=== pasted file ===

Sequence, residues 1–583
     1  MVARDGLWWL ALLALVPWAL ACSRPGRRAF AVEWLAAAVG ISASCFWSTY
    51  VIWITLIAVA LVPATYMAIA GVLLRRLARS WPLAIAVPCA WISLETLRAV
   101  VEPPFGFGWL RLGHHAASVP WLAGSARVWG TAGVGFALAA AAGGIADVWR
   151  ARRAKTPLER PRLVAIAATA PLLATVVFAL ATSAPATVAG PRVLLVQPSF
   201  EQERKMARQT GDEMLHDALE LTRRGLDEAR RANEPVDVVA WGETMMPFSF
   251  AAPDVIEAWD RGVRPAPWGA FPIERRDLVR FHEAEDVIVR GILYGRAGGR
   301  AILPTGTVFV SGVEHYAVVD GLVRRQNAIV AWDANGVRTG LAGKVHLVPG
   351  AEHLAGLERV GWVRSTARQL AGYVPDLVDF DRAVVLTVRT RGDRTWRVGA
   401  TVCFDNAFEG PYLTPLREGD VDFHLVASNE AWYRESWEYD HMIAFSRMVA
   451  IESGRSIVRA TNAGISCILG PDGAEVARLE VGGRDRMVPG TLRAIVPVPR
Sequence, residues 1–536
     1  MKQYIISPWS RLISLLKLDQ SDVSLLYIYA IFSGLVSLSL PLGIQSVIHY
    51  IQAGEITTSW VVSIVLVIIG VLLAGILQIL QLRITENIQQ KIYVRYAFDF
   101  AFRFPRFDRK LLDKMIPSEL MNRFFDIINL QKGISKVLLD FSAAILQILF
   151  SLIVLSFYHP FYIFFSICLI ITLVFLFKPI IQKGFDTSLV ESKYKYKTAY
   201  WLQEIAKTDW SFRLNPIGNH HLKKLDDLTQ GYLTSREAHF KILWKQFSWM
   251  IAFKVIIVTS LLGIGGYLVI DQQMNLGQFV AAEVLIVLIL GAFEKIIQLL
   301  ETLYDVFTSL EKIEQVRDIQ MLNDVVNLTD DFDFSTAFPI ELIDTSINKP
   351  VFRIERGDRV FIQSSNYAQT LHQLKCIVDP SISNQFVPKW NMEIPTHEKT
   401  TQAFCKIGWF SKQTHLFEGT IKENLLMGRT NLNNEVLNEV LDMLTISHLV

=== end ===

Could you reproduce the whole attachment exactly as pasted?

Sequence, residues 1–583
     1  MVARDGLWWL ALLALVPWAL ACSRPGRRAF AVEWLAAAVG ISASCFWSTY
    51  VIWITLIAVA LVPATYMAIA GVLLRRLARS WPLAIAVPCA WISLETLRAV
   101  VEPPFGFGWL RLGHHAASVP WLAGSARVWG TAGVGFALAA AAGGIADVWR
   151  ARRAKTPLER PRLVAIAATA PLLATVVFAL ATSAPATVAG PRVLLVQPSF
   201  EQERKMARQT GDEMLHDALE LTRRGLDEAR RANEPVDVVA WGETMMPFSF
   251  AAPDVIEAWD RGVRPAPWGA FPIERRDLVR FHEAEDVIVR GILYGRAGGR
   301  AILPTGTVFV SGVEHYAVVD GLVRRQNAIV AWDANGVRTG LAGKVHLVPG
   351  AEHLAGLERV GWVRSTARQL AGYVPDLVDF DRAVVLTVRT RGDRTWRVGA
   401  TVCFDNAFEG PYLTPLREGD VDFHLVASNE AWYRESWEYD HMIAFSRMVA
   451  IESGRSIVRA TNAGISCILG PDGAEVARLE VGGRDRMVPG TLRAIVPVPR
Sequence, residues 1–536
     1  MKQYIISPWS RLISLLKLDQ SDVSLLYIYA IFSGLVSLSL PLGIQSVIHY
    51  IQAGEITTSW VVSIVLVIIG VLLAGILQIL QLRITENIQQ KIYVRYAFDF
   101  AFRFPRFDRK LLDKMIPSEL MNRFFDIINL QKGISKVLLD FSAAILQILF
   151  SLIVLSFYHP FYIFFSICLI ITLVFLFKPI IQKGFDTSLV ESKYKYKTAY
   201  WLQEIAKTDW SFRLNPIGNH HLKKLDDLTQ GYLTSREAHF KILWKQFSWM
   251  IAFKVIIVTS LLGIGGYLVI DQQMNLGQFV AAEVLIVLIL GAFEKIIQLL
   301  ETLYDVFTSL EKIEQVRDIQ MLNDVVNLTD DFDFSTAFPI ELIDTSINKP
   351  VFRIERGDRV FIQSSNYAQT LHQLKCIVDP SISNQFVPKW NMEIPTHEKT
   401  TQAFCKIGWF SKQTHLFEGT IKENLLMGRT NLNNEVLNEV LDMLTISHLV